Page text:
Ian was ready to respond. A recent injury had changed his perspective. If you are bedside with an injury, this one is for you.
“I discovered on New Year’s Eve that I
had two fractured vertebrae (they had been fractured for some months
apparently and I’d continued running with occasional back pain!) So this
last month has been really tough – a week in hospital in traction (face
down, it was sheer hell) followed by kyphoplasty on one of the fractures
and then four weeks in a back brace, I went through some of the most
depressing days wondering if I’d ever be able to run again.
Like many people, running is for me not just about the feel good
endorphin-related factor although I do love that post run glow, how clean
you feel having sweated out a good 10 miles then cooled off and showered –
nothing beats that. But also, the job I do is quite stressful in an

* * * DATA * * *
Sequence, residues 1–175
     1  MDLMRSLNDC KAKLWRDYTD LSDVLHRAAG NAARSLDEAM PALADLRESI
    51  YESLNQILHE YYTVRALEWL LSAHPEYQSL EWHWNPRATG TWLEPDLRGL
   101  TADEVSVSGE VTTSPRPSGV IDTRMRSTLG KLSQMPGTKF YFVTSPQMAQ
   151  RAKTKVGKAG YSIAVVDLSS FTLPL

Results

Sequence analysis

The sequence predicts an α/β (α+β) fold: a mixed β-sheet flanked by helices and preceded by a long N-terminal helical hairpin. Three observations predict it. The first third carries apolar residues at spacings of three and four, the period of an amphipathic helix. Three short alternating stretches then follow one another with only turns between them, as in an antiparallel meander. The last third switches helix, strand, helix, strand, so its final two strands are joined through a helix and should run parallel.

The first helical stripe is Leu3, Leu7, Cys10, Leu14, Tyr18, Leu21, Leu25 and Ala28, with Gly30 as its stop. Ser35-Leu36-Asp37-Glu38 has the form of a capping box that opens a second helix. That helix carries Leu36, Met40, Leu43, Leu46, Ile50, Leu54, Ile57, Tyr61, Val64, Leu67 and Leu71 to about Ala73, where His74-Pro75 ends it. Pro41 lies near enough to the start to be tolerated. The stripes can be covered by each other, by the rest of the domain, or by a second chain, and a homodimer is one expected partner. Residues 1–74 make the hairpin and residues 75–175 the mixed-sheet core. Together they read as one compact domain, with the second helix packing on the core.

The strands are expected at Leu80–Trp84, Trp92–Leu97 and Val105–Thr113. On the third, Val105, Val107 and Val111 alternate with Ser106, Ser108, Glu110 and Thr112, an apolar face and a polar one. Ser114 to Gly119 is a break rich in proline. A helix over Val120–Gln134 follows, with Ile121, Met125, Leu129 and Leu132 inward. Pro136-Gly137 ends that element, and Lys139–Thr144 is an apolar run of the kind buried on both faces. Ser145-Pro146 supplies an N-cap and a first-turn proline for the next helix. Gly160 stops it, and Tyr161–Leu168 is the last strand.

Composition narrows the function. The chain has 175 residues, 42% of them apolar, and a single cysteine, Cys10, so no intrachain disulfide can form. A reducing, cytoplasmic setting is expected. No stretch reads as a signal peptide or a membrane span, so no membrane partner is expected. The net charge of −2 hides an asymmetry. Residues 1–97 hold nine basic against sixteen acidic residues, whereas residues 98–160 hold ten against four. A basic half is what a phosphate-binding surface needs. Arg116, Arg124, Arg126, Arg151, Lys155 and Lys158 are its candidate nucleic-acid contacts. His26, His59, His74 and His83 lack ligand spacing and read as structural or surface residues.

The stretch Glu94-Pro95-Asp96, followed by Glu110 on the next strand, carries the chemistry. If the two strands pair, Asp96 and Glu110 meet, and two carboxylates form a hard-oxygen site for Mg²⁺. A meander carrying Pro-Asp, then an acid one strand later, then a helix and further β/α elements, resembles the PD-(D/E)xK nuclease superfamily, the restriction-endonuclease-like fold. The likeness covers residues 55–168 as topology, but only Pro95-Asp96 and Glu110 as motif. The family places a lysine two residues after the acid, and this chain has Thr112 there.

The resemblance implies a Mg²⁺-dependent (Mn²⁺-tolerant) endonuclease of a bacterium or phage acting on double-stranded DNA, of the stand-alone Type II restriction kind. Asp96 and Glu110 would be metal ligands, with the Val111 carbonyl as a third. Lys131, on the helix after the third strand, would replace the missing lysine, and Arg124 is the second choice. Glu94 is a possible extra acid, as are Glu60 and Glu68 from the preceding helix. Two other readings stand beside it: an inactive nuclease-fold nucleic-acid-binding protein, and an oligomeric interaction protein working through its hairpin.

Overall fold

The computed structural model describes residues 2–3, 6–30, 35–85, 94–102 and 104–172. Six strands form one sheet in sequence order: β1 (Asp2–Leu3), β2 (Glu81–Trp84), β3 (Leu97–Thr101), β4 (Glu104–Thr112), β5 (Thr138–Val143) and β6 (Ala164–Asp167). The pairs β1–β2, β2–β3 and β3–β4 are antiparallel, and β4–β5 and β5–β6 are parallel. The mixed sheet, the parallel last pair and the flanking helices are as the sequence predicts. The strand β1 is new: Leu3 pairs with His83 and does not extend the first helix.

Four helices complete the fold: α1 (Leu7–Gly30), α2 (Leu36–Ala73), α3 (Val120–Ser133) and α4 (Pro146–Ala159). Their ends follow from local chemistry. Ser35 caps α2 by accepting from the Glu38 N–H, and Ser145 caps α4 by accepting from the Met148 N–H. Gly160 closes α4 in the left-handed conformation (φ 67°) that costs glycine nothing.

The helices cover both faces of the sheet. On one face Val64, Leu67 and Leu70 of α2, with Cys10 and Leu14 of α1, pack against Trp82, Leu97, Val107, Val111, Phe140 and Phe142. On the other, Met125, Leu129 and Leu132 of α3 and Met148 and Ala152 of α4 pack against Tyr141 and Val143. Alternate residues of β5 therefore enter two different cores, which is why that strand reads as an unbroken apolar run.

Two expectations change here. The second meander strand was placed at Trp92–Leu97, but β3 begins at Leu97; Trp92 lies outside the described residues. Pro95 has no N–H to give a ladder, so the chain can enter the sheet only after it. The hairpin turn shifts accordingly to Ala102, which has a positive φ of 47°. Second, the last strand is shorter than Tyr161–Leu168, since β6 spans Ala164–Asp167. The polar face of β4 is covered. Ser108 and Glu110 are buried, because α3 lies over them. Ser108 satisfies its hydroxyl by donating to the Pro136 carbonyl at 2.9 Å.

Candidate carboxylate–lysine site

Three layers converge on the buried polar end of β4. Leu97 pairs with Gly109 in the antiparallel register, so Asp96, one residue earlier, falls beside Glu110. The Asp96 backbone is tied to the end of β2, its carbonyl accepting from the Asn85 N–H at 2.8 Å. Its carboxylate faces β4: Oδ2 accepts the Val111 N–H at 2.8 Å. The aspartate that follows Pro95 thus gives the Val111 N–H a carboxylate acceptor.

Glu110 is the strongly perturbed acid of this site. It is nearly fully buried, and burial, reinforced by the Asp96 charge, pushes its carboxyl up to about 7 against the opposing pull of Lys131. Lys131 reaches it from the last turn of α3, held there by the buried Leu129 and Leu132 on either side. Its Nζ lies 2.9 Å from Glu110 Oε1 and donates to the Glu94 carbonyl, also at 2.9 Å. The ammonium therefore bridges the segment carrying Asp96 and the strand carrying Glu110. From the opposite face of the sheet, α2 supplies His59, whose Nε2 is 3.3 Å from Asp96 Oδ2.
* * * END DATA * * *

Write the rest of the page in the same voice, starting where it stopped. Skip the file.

operational environment where I need to be contactable around the clock.
The 60 to 90 minutes I get with my phone left at home, iPod on and just me,
running out in the countryside where I live, this is my saviour, my one
thing for me, my single disconnect from the neediness that is work. So you
can see potentially losing that was not something I wanted to face up to.
On Saturday, the back brace came off… and tonight I just did my first run
– just a 10.5km and not going to break any records. But the feeling’s still
there and I consider myself very, very lucky.
1. Why are you running?
I get a lot out of running on many different levels. Primarily, I have a
stressful job with long hours in an operational environment managing a team
of more than 20 people across Europe and North America. This team supports
also our customer base. The nature of the job means that I need to be
available pretty much 24×5 and at weekends during the day, for both
internal calls when there are issues and customer escalations. At home, I
have three dogs and five horses – a wonderful life really, split between
city and countryside and I certainly can’t complain. That said, whilst the
animals are absolutely life-enriching, they are another dependency and I